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Gourdine v. McFadden

United States District Court, D. South Carolina, Beaufort Division

November 3, 2017

James Morris Gourdine, Petitioner,
Warden McFadden, Respondent.



         The Petitioner, James Morris Gourdine, proceeding pro se, brings this action pursuant to 28 U.S.C. § 2254 for habeas relief. Petitioner is an inmate of the South Carolina Department of Corrections (SCDC), and files this action in forma pauperis under 28 U.S.C. § 1915. In accordance with 28 U.S.C. § 636(b)(1) and Local Civil Rule 73.02 D.S.C., this matter was referred to a magistrate judge for pretrial handling. Before the court is the magistrate judge's Report and Recommendation (“Report”), recommending that the petition be dismissed without prejudice and without requiring Respondent to file a return because Petitioner has not exhausted his state court remedies prior to filing this petition and because the petition is vague and conclusory in violation of Rule 2(c) of the Rules Governing Section 2254 Cases in the United States District Courts. (ECF No. 9). Petitioner timely objected to the Report. (ECF No. 12).

         The Report has no presumptive weight, and the responsibility to make a final determination in this matter remains with this court. See Matthews v. Weber, 423 U.S. 261, 270-71 (1976). In making that determination, the court is charged with conducting a de novo review of those portions of the Report to which either party specifically objects. See 28 U.S.C. § 636(b)(1). Then, the court may accept, reject, or modify the Report or recommit the matter to the magistrate judge. See Id. However, the court need not conduct a de novo review when a party makes only “general and conclusory objections that do not direct the court to a specific error in the magistrate's proposed findings and recommendations.” Orpiano v. Johnson, 687 F.2d 44, 47 (4th Cir. 1982). In that case, the court reviews the Report only for clear error. See Diamond v. Colonial Life and Accident Insurance Co., 416 F.3d 310, 315 (4th Cir. 2005).

         Since Petitioner has filed this habeas petition pro se, this court is charged with construing the petition liberally in order to allow for the development of a potentially meritorious case. See Hughes v. Rowe, 449 U.S. 5, 9 (1980) (internal citations omitted); Gordon v. Leeke, 574 F.2d 1147, 1151 (4th Cir. 1978). However, this does not mean that the court can ignore the Petitioner's failure to allege facts that set forth a claim currently cognizable in a federal district court. See Weller v. Dep't of Soc. Servs., 901 F.2d 387, 391 (4th Cir. 1990).

         I. BACKGROUND

         In his petition, Petitioner states that he is challenging his March 17, 2016, sentence of life without parole from Berkeley County, South Carolina. (ECF No. 1). In addition to the petition, Petitioner attached a copy of the appellate brief that he appears to have submitted to the South Carolina Court of Appeals regarding his convictions on three counts of attempted murder and one count of criminal conspiracy (case number 2016-000640). (ECF No. 1-1). This brief is dated April 25, 2017. (ECF No. 1-1 at 132). However, in regards to the petition itself, Petitioner failed to provide this court with responsive answers to the questions provided on Petition Form AO 241 approved for use by persons seeking relief pursuant to § 2254. For instance, Petitioner often completely disregarded the question posed on the form and instead filled in the blanks provided with unrelated information pertaining to other cases pending before the District Court of South Carolina. In fact, in many places throughout the petition, Petitioner references cases filed by other SCDC inmates and asserts that his arguments should pertain to those “co-plaintiffs” as well.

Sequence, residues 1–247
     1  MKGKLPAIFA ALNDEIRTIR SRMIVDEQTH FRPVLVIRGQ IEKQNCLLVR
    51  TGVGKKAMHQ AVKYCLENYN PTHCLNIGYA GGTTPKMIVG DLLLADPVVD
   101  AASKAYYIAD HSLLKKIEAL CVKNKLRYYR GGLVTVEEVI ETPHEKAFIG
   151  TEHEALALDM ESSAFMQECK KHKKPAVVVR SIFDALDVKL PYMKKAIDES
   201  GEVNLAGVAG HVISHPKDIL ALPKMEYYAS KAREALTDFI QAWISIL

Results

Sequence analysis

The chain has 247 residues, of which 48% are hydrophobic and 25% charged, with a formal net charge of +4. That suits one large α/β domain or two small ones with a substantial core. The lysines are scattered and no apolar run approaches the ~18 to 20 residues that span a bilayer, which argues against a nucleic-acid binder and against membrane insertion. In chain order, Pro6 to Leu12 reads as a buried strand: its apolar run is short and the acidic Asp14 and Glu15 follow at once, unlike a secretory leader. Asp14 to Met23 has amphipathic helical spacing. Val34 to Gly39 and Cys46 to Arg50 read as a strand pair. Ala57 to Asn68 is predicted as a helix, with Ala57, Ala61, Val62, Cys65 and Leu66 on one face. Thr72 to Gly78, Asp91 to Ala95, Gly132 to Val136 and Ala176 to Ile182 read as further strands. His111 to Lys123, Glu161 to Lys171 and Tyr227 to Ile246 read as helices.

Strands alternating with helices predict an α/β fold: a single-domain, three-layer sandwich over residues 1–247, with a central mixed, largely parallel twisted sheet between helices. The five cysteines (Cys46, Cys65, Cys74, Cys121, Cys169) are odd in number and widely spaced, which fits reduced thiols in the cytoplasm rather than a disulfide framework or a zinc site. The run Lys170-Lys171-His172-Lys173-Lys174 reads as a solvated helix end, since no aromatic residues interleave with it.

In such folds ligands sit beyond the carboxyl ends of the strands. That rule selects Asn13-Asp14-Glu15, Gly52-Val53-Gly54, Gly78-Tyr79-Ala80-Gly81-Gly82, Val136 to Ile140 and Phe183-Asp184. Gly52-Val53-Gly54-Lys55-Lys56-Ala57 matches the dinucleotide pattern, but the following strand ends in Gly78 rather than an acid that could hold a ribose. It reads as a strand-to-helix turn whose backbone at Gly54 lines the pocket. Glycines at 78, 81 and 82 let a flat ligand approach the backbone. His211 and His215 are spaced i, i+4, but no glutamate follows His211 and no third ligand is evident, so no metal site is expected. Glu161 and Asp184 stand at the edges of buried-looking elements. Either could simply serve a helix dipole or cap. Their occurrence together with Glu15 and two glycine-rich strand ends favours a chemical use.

In addition to referencing other cases throughout the Petition, Petitioner also struck through portions of the title of his petition form, crossing out “§ 2254” and adding the notations “Writ of Error” and “§ 1983.” (ECF No. 1 at 1). Furthermore, in addition to the Warden of Lieber Correctional Institution, the institution where Petitioner is currently detained, Petitioner added “parties listed in case 8:16-cv-3320 et al.” and “Judge Robert E. Hood et al. in expanded cases” on his petition as “defendants.” (ECF No. 1 at 1). Petitioner also filed a pleading titled “Affidavit of Facts Giving Judicial Notice, Petition to Remove” in which he both asserts that the state of South Carolina is a party to this proceeding and attempts to remove his pending appeal from the South Carolina Court of Appeals to the federal courts. (ECF No. 4).

         Petitioner's specific grounds for his habeas petition are as follows: (1) that the conviction “was obtained by statements that violated S.C. Code Ann. §§ 19-1-80 and 19-1-90, ” (2) that the conviction was obtained in violation of the 4th Amendment, ” (3) that the conviction was obtained by counsel's failure to disclose evidence favorable to the defense, ” (4) that the conviction was obtained “by violation of the protection against double jeopardy” due to both a grand jury and petit jury being used, and (5) that the conviction was obtained in violation of the Anti-Peonage Act. (ECF No. 1 at 14). The other claims Petitioner asserts are related to other prisoners, those prisoners' convictions, and those prisoners' petitions. (ECF No. 1).